Share your #RoadTripChip pics via social media for a chance to win a prize pack from Cape Cod! (Photo credit: Travel Mamas)

Hiking the Grand Canyon with Kids

If you're thinking you'll hike down the canyon and back in a day, think again! It takes about four hours to climb to the bottom of the Grand Canyon and another six to eight to climb back up. If this is on your family's bucket list, you should spend a few months training for the strenuous climb, bring strategically packed daypacks, and make camping reservations at the bottom or mid-way one year in advance.

My husband, daughter (age 11) and son (age 8), opted for a 20-minute hike down the Blue Angel Trail and 25-minute hike up, with promises of ice cream at the top. My son was scared of the edge, so the boys did an even shorter hike than us girls. Believe me, going up is MUCH harder than going down!

A Navajo troupe member performing a traditional dance near Hopi House at the South Rim

A Navajo troupe member performing a traditional dance near Hopi House at the South Rim (Photo credit: Colleen Lanin)

Other Things to Do at the Grand Canyon with Kids

When visiting in summer, check the sign by the Hopi House for traditional Native American dance times. The Navajo troupe performs authentic dances traditionally featured at powwows at scheduled times throughout the day.

If you've got more time to spare, a helicopter tour of the Grand Canyon is something your kids will surely never forget. Meanwhile dare devils would dig a stroll on the SkyWalk, a horseshoe-shaped glass-bottom bridge on the edge of the west side of the Grand Canyon. (This is something I'd love to do!)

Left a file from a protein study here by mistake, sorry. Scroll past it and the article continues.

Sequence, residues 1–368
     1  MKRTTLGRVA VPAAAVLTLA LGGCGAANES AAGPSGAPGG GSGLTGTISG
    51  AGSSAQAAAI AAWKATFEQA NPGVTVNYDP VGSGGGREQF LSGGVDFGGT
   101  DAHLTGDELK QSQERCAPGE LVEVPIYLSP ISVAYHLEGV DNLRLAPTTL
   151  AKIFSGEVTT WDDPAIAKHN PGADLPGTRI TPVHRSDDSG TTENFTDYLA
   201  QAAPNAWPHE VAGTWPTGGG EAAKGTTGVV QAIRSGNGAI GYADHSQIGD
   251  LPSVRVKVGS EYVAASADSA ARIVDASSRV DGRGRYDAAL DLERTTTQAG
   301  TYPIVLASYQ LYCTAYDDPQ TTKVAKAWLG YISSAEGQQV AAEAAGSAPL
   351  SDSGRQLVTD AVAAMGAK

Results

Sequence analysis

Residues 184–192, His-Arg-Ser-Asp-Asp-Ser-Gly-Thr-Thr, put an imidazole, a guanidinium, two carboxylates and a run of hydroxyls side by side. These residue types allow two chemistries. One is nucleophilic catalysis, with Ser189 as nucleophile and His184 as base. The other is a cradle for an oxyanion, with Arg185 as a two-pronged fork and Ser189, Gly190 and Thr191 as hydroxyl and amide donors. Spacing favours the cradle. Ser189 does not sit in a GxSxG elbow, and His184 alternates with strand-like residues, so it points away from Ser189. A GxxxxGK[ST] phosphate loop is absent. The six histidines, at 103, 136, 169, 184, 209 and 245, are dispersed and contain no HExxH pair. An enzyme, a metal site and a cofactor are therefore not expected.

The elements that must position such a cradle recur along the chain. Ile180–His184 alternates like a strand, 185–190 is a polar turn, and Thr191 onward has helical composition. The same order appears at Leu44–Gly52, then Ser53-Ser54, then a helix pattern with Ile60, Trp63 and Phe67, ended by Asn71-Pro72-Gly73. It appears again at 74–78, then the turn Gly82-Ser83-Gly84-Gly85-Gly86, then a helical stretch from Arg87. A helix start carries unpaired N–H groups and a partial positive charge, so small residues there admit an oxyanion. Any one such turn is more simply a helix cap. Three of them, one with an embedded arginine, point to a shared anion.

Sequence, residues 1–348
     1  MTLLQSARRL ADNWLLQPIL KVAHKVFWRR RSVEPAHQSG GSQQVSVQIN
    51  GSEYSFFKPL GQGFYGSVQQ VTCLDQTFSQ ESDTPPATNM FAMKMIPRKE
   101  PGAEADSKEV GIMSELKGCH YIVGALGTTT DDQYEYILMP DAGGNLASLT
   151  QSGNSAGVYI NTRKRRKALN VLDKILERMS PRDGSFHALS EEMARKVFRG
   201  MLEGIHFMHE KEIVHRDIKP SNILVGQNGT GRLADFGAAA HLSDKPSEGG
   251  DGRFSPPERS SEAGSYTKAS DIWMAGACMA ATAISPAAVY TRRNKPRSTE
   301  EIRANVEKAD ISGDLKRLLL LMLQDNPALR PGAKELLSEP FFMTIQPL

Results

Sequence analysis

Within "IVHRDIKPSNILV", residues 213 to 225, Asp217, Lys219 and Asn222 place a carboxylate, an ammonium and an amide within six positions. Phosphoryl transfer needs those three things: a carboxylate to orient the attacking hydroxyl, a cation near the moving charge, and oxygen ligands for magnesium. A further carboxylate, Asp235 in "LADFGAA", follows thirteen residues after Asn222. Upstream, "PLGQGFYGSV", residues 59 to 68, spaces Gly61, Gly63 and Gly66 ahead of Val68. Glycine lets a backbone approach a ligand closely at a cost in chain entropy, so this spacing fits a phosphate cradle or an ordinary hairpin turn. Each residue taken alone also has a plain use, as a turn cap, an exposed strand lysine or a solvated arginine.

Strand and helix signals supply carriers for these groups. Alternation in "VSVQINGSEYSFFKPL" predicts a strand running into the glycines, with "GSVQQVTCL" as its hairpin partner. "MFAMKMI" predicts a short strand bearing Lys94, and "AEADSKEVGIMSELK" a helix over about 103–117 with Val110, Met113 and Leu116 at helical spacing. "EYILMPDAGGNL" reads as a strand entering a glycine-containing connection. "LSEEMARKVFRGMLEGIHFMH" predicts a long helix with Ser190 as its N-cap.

Storm brewing at the Grand Canyon

A storm was brewing in the canyon, which encouraged us to hike to the top quickly (Photo credit: Colleen Lanin)

Getting to the Grand Canyon

The drive from Phoenix to the Grand Canyon South Rim will take you about four hours if you don't encounter heavy tourist traffic or make any pitstops. Oh, but what a shame it would be to not stop along the way! There are some serious treasures to be found on your road trip from the Valley of the Sun to the Grand Canyon.

Walnut Canyon with kids

Walnut Canyon ancient cliff dwellings once occupied by the Sinagua peoples (Photo credit: Colleen Lanin)

You could stop in gorgeous Sedona to hike among red rocks or cool off in summer months at the Slide Rock State Park, a natural waterpark of sorts. Or visit impressive Native American ruins at Walnut Canyon or Montezuma Castle. A trip to Meteor Crater near Winslow is a bit off course, but well worth the extra drive to see the massive hole that could fit 20 football fields, which was created by a flying space rock around 50 thousand years ago. These side trips are part of the joy of the journey to the Grand Canyon.

Meteor Crater ~ Grand Canyon with Kids Side Trip

Meteor Crater could fit 20 football fields! (Photo credit: Colleen Lanin)